The scenes excavate the deep cultural memories associated with the home, which tend towards images of violence, particularly violence against women—a surprising revelation about our collective imagination, contrary to the common discourse on women’s safety. For Campenhout, a seedy sexuality reminiscent of Brian de Palma films permeates the show, not least because the spectator feels like a voyeur, having to choose which of the rooms and actors to focus on. The world built in the work is deeply paranoid, a world of men reassuring themselves of their strength by using women—all three critics draw convincing comparisons to an urban, peace-time version of Coppola’s Apocalypse Now—and creating larger-than-life cultural hallucinations to replace reality.

Watching/listening to For Your Ears Only had intriguing parallels to calling a phone sex hotline, the (now vastly outdated) version where the listener dials into a pre-recorded audio story: the general seediness of the experience, the thematic intrusion into domestic scenes that fetishise the women who inhabit them, the reliance on the experience of the spoken description of events, as well as the very strange disjunction between feeling like a voyeur and not being able to see. The male gaze structures both, but the absence of visuals allows us to imagine things just right: the show in For Your Ears Only was exactly to my taste.

David Weber-Krebs, Into the Big World

David Weber-Krebs’ Into The Big World is the best performance piece I have seen in years. It concerns itself with nothing less than how European science organises knowledge. It traces various scientific methods, taxonomies and epistemologies through history, progressing from direct observation and unstructured lists to detailed taxonomies and theoretical models, to active meddling into natural processes. This progress is brilliantly embodied on stage by two performers, Noha Ramadan and Katja Dreyer, who chant and list and enumerate the things we know on an empty stage. As the knowledge becomes increasingly abstract, exact and the facts distanced from the quotidian life, so the interaction between their bodies and the set (sculpted economically with lighting and sound) becomes disjointed, distant and rigid. With a rigorous minimalism, the organic liveness of performance becomes an oppressively rigid clockwork, the language shifts from ‘Here is...’ to ‘I know...’, and a sensuous exchange between bodies and the space surrounding them becomes manipulation, then abstract ownership.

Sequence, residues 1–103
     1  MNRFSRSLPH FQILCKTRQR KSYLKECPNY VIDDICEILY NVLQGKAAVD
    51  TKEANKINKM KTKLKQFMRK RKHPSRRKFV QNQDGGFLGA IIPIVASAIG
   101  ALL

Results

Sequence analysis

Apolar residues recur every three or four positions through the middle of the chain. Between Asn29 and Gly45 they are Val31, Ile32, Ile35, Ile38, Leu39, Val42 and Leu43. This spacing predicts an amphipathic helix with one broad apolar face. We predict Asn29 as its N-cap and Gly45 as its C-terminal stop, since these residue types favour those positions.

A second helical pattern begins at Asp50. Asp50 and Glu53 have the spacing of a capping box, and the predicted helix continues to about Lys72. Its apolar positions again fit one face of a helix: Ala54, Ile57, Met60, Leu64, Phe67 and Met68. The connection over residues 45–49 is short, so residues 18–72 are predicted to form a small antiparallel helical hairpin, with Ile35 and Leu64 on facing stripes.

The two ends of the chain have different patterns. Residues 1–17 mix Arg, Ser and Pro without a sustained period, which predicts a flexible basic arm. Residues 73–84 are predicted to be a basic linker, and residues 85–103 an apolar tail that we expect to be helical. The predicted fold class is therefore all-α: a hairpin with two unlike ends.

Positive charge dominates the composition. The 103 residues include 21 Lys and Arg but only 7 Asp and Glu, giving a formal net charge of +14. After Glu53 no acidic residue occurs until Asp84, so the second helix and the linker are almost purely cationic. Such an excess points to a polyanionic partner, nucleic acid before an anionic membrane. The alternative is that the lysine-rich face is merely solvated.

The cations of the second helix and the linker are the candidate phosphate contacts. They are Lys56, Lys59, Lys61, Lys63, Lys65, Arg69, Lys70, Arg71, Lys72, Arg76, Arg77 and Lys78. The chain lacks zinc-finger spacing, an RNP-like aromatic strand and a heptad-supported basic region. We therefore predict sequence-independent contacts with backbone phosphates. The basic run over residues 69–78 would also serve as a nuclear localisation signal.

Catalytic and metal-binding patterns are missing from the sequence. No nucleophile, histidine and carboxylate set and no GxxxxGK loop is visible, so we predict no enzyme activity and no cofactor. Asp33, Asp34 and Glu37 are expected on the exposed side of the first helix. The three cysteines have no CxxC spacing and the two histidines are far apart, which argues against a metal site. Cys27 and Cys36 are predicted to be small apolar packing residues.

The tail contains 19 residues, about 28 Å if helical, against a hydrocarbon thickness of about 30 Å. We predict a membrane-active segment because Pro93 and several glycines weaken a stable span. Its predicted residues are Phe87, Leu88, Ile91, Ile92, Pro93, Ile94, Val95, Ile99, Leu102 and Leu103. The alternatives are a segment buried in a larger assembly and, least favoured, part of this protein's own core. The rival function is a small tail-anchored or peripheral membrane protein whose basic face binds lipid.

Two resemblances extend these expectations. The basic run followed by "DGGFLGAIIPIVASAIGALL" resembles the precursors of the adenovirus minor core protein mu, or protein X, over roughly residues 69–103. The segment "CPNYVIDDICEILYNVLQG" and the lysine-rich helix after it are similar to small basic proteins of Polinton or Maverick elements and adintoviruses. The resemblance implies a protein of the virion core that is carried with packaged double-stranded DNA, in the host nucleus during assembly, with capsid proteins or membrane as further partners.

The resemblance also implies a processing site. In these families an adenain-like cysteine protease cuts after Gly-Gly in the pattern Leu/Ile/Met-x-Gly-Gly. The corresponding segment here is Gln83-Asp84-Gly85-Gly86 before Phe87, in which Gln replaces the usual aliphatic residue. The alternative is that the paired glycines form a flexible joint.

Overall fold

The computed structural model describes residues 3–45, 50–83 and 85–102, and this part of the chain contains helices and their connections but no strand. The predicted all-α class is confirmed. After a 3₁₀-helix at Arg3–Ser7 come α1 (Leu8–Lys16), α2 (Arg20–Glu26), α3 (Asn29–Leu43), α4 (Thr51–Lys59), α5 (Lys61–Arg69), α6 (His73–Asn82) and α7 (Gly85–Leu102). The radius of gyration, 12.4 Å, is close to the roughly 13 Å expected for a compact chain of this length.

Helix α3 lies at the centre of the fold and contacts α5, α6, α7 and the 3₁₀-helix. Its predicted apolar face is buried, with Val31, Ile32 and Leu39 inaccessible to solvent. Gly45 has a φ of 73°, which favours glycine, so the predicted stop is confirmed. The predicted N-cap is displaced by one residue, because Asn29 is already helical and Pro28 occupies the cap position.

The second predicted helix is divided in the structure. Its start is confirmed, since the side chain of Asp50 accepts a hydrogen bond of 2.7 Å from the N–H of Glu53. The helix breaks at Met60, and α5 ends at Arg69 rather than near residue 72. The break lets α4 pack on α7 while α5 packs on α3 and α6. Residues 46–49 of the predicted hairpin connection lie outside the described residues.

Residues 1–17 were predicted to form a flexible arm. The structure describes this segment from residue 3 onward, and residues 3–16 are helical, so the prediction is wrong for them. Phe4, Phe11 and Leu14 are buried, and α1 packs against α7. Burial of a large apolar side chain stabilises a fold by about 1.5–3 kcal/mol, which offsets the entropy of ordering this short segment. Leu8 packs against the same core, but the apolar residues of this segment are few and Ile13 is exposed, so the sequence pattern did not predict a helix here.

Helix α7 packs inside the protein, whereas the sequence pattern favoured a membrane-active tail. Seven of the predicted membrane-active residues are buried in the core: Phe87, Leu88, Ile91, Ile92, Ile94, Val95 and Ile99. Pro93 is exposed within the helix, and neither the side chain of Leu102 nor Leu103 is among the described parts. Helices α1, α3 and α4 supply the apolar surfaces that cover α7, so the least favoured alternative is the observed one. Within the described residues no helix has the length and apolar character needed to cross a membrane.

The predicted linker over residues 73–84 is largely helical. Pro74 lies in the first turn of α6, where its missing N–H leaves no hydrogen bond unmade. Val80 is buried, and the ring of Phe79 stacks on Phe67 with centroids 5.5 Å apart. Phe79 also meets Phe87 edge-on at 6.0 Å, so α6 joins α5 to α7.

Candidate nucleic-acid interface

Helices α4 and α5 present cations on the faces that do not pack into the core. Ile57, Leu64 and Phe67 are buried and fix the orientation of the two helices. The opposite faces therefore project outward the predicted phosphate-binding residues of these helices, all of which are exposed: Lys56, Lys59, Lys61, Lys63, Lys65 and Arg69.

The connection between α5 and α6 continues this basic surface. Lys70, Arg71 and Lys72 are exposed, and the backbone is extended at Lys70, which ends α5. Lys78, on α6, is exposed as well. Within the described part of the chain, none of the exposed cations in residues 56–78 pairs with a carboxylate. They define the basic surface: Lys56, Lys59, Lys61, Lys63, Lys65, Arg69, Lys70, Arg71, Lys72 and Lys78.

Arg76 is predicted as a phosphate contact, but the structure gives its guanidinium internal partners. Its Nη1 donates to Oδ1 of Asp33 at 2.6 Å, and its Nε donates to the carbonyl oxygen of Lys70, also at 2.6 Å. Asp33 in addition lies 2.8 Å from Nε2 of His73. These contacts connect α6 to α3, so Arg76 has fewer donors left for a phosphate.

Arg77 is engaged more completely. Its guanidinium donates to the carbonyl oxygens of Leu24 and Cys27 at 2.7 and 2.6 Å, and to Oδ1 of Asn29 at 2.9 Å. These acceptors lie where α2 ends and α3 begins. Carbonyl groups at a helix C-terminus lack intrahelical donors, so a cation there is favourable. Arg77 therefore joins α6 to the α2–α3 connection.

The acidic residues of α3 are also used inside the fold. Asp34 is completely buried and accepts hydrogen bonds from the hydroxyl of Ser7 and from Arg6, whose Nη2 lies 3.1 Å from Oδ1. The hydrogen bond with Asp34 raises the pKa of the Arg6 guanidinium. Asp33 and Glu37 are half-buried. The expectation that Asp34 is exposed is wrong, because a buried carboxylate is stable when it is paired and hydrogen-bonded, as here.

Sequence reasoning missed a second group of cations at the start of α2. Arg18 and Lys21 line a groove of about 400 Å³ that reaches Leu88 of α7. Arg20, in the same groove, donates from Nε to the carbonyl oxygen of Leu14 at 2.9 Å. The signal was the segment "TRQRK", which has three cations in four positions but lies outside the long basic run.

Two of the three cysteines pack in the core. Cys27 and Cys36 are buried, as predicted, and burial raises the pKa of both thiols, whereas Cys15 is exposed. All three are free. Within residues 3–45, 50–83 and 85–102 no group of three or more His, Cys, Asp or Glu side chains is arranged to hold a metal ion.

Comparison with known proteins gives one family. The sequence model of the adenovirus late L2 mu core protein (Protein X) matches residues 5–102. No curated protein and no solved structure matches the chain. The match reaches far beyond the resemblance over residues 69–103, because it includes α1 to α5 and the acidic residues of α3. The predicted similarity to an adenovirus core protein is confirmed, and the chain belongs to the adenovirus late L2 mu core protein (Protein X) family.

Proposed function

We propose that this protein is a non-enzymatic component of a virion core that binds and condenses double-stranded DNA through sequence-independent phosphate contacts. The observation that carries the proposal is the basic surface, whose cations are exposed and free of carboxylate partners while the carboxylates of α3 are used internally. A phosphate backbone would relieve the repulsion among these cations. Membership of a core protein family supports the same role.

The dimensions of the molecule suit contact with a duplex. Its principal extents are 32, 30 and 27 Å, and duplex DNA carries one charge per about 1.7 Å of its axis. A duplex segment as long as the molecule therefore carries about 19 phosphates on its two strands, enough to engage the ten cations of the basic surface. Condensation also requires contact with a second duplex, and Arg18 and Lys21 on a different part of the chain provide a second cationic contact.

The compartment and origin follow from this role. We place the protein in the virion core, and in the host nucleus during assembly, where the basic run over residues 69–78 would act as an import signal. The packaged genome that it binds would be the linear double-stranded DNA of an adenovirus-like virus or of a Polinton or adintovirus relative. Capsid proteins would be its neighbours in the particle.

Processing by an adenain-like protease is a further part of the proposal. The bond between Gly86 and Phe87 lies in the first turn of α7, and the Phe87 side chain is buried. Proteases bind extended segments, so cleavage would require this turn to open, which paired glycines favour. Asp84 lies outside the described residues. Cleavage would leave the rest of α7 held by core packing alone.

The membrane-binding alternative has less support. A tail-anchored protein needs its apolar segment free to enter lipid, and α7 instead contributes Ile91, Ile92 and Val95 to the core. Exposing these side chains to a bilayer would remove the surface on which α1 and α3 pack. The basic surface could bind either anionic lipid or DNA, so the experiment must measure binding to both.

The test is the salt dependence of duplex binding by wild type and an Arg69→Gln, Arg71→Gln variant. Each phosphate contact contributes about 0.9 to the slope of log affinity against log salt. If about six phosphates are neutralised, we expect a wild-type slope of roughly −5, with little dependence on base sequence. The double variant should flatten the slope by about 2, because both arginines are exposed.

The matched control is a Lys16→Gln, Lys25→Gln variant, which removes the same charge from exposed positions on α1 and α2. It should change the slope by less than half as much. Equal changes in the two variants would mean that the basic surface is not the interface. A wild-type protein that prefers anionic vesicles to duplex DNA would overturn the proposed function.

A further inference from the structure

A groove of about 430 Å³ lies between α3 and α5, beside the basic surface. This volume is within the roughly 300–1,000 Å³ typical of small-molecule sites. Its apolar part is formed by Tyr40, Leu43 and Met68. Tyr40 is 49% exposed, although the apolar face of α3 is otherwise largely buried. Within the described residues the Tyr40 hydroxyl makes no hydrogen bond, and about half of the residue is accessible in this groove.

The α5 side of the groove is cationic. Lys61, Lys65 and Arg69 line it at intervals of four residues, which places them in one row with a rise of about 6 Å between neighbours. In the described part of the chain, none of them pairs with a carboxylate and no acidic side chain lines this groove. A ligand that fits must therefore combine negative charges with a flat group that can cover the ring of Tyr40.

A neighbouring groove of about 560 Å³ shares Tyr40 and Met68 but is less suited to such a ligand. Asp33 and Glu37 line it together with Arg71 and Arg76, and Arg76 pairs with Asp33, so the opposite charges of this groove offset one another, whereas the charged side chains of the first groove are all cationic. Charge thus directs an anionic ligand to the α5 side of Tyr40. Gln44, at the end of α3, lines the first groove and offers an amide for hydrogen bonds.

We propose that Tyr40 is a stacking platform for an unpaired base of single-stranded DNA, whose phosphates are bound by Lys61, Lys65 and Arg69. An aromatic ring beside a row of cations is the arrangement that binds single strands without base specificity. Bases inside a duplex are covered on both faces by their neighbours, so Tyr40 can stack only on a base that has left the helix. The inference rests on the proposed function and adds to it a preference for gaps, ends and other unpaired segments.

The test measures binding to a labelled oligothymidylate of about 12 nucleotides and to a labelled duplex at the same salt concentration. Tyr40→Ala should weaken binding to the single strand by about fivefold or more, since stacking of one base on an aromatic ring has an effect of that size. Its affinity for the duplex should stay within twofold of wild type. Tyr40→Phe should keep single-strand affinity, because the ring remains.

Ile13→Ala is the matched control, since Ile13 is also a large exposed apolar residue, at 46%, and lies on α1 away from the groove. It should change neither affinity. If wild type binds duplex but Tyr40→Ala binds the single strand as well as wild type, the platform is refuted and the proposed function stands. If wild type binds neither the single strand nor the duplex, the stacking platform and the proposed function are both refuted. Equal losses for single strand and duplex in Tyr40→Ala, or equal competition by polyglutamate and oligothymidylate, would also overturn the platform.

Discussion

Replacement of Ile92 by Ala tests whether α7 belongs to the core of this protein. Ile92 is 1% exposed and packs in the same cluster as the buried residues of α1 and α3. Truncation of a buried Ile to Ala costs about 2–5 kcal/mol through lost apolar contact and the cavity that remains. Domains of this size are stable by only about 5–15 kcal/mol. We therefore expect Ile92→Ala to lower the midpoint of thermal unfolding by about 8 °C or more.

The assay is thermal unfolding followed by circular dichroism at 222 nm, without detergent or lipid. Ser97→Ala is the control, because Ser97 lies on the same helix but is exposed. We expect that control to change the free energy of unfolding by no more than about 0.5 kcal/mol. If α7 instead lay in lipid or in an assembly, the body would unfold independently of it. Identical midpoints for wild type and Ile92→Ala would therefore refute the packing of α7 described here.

The ideas in the piece are masterfully expressed with a sensibility that is unmistakably choreographic: Weber-Krebs sculpts and articulates body, space and emptiness as precisely as a a master craftsman fashions wood into a chair. Moreover, this is not a live artist’s activist critique of abstract reasoning, and in no way a naïve work. Weber-Krebs has created many pieces with and for museums, and Into The Big World is a very informed performance. Its diagnosis of how our entire embodied lives are shaped by the scientific thought is accurate and precise: it equally describes the changes to how we eat, cure illness, how we attempt to harness energy or mitigate climate change. I am in no doubt that an audience of scientists would hugely enjoy Into The Big World.

I am also in no doubt that sound engineers and archivists would love For Your Ears Only: both approach their material with a rigour and conceptual depth that, paradoxically, makes their philosophical inquiry universally accessible, across relevant disciplines. Neither work obfuscates, but enlightens. In a comparatively more stressful, product-oriented and commercially minded ecology of Melbourne, I rarely see this level of rigour achieved by local artists. But it is rarely demanded, either, and this is why the experience of these two works was bittersweet.

For more on David Weber-Krebs see Virginia Baxter, In Between Time Festival, 2006.

For Your Ears Only, Dianne Weller, sound artists Ruben Nachtergaele, Ludo Engels, critics Andrew Haydon, Pieter T’Jonck & Elke Van Campenhout, lighting design Hans Meijer; Julie Pfleiderer, Beursschouwburg, 19-20 Feb; Into The Big World, by David Weber Krebs, performers Katja Dreyer, Noha Ramadan; Kaaistudios, Brussels, 10-11 Feb

RealTime issue #127 June-July 2015 pg. 40

© Jana Perkovic; for permission to reproduce apply to [email protected]